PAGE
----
For many of us, Lent is in our bones. “What are you giving up for Lent?” is as expected this time of year as “What do you want for Christmas?” is in December.
There is, of course, a big difference. The giving and getting part of Christmas can—and has been—exploited by commercial interests. That certainly happens to Mardi Gras, or Fat Tuesday. But you don’t see it once Lent begins. No one takes out an advertisement on TV saying, “Give Up Our Product for Lent!”
So, Lent remains untainted, its religious roots unsullied by secular considerations. Because of that, the question about what we are giving is always provocative. It causes us to think—about sacrifice, about what’s important in our lives, about our priorities—in a way that other seasons do not.
These thoughts are what’s behind our annual CRS Rice Bowl campaign. In asking people to give up something specific and to put the money they saved into their Rice Bowl, we’re asking them to think, to feel, to understand the solidarity that a simple act of sacrifice makes real.
As important as the value of the money we raise—money that feeds hungry people around the world—are those thoughts and feelings, that understanding of sacrifice and solidarity. It is there you find grace, humility and God.
I often say that it is a privilege to serve the poor. I really believe that. What greater calling can you answer? There are not many.
When you contemplate the meaning of Lent, you realize that it’s a privilege to make these sacrifices. Think of what you are giving up. Now think of the rewards you receive. Is there any comparison?
Our sacrifice reminds us of the sacrifices that gave us the Lenten season, of the Father who sent his Son to Earth knowing the fate that awaited him, and the pain and suffering he would endure as he accepted and embraced that fate which was, of course, the ultimate sacrifice.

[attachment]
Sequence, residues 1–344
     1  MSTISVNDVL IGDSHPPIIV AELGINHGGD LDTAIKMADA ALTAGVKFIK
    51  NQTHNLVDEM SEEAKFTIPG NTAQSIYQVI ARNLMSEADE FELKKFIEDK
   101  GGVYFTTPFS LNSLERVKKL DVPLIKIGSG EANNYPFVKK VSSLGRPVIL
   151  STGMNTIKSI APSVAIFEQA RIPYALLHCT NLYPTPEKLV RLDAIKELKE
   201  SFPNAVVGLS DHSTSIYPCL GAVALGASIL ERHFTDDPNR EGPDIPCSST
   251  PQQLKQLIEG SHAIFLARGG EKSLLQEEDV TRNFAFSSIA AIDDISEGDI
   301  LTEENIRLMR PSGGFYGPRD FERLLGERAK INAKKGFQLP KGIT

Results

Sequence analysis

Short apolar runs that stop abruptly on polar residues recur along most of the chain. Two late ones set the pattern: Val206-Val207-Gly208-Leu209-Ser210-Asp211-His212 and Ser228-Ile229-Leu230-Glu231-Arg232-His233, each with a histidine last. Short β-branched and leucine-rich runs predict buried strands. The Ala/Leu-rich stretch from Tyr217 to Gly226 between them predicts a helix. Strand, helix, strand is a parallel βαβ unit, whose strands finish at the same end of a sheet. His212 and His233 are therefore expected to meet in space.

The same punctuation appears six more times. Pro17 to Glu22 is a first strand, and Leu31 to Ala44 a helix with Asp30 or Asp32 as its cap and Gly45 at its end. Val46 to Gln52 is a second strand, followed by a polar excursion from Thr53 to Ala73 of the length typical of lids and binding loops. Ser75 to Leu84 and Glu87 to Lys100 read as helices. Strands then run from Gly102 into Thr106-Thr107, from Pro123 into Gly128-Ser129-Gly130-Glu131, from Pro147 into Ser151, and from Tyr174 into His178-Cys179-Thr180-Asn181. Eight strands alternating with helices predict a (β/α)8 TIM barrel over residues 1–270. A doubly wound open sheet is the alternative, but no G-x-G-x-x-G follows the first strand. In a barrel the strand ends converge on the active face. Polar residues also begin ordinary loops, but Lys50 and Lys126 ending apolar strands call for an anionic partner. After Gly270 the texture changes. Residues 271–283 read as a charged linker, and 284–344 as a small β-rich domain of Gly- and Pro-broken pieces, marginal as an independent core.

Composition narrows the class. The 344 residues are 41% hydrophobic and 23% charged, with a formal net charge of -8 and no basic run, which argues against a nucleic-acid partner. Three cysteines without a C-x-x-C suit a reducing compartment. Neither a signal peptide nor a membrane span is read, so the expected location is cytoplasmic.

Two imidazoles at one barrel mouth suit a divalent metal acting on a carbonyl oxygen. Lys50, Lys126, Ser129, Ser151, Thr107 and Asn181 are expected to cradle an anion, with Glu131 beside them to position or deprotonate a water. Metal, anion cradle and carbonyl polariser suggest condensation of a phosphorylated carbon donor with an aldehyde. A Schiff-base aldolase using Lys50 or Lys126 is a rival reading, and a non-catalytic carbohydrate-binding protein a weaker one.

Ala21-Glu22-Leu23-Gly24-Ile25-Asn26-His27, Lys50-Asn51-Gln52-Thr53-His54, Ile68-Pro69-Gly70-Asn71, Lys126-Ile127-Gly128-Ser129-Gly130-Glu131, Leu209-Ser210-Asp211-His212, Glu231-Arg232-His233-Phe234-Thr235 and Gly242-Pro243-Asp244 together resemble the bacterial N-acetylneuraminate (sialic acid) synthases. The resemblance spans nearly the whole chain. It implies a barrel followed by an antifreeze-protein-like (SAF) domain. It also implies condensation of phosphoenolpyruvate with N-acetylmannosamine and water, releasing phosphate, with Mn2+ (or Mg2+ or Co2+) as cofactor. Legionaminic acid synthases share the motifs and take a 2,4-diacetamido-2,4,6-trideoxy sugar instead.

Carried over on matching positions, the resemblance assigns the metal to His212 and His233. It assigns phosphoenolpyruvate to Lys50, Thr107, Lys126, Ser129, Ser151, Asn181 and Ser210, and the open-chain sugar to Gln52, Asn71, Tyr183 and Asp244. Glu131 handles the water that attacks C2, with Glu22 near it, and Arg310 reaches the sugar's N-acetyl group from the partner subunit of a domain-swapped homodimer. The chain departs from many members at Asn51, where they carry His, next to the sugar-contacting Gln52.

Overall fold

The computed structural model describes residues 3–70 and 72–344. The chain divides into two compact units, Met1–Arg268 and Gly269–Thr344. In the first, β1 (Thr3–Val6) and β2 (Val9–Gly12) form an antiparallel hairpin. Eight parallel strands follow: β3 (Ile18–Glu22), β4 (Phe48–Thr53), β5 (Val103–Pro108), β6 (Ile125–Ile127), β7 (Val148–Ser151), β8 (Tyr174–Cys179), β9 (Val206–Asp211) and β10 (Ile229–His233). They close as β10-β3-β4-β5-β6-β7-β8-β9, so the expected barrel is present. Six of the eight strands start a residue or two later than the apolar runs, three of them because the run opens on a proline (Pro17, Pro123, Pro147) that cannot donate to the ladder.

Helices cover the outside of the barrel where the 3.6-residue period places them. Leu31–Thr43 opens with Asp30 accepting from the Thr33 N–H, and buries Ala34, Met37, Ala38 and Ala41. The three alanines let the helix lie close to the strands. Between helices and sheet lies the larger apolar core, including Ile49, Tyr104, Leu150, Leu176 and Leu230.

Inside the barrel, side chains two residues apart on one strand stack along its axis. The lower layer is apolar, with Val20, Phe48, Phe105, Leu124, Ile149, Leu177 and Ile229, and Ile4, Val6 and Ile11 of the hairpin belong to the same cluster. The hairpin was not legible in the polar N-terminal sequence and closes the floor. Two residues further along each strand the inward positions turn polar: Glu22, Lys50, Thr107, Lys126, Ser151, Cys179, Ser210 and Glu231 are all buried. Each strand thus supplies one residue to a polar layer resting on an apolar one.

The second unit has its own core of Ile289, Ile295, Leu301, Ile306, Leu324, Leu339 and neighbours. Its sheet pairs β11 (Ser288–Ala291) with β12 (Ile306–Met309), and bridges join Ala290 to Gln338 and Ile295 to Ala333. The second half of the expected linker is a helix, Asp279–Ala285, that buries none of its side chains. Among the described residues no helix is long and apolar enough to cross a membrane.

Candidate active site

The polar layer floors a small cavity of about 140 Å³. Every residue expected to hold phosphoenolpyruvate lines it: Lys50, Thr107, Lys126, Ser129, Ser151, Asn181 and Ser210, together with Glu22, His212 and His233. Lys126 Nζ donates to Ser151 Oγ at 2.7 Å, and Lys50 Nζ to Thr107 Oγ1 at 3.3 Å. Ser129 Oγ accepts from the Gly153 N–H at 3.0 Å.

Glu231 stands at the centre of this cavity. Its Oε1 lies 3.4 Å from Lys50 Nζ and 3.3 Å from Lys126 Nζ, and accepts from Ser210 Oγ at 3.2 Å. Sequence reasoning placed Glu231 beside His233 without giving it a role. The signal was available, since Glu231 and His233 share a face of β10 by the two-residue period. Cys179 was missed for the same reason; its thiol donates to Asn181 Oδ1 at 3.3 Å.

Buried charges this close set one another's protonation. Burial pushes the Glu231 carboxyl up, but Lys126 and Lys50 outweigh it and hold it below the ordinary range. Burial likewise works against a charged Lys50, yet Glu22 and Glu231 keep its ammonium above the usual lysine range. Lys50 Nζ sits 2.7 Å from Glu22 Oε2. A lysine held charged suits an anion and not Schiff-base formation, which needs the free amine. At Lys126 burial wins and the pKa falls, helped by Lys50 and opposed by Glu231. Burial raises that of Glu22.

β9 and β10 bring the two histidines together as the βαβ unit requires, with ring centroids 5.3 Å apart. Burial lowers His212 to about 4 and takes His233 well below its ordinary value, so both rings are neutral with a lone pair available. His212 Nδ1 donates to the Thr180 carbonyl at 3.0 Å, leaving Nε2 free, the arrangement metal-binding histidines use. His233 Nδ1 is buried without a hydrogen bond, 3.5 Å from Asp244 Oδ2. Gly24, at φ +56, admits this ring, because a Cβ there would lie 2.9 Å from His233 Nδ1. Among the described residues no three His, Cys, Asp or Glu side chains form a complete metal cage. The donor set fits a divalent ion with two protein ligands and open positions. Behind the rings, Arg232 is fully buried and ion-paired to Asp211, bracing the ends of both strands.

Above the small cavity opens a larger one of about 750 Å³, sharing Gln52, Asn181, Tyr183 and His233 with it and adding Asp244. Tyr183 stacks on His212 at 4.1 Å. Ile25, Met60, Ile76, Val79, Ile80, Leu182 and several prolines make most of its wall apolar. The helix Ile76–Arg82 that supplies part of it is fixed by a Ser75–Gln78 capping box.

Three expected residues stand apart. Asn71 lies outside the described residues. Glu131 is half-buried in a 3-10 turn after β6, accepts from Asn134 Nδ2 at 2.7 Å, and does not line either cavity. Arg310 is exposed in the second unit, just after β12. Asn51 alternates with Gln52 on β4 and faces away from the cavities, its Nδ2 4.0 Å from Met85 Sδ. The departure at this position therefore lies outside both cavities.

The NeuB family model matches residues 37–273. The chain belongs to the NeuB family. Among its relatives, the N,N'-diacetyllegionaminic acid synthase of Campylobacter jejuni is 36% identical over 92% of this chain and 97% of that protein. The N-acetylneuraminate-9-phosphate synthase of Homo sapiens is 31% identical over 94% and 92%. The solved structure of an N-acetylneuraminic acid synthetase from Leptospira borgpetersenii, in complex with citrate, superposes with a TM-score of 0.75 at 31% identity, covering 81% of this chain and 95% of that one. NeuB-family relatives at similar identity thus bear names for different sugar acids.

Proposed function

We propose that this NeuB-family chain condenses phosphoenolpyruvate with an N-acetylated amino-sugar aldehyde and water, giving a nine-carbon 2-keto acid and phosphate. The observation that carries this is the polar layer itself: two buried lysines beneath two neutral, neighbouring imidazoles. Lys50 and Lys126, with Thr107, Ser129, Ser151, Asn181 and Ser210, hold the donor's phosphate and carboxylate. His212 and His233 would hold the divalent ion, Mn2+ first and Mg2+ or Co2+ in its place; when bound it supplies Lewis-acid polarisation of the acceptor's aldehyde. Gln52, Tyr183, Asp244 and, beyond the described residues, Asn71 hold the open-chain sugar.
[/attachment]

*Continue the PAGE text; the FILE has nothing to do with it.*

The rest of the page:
But then think of the rewards celebrated later this month on Easter Sunday: resurrection, redemption, a hope that was promised and given to all humanity. These rewards gave eternal value to those temporal sacrifices.
Those sacrifices and that redemption placed a responsibility on those of us who follow Jesus in his Church, which is the body of Christ, the word made flesh. It is through us that his hope will become real. Just as we find God in the meaning of our Lenten sacrifices, we find him in the acts of compassion and kindness that help the poor, wherever they may be.
One of the reasons that it is such a privilege to serve the poor is that we at Catholic Relief Services get to see God in our work around the world. We see the grace of God every day, in a seed that will grow in a drought-stricken field in West Africa, in a tarpaulin given to a mother who lost her home to a typhoon, in a child eating a meal at a school where she is learning skills that will ensure her future.
Your simple acts of sacrifice and solidarity make our work possible. You feed people around the world, spreading the Easter message of hope to those who need it the most.
May blessings overflow,
Dr. Carolyn Y. Woo
President & CEO
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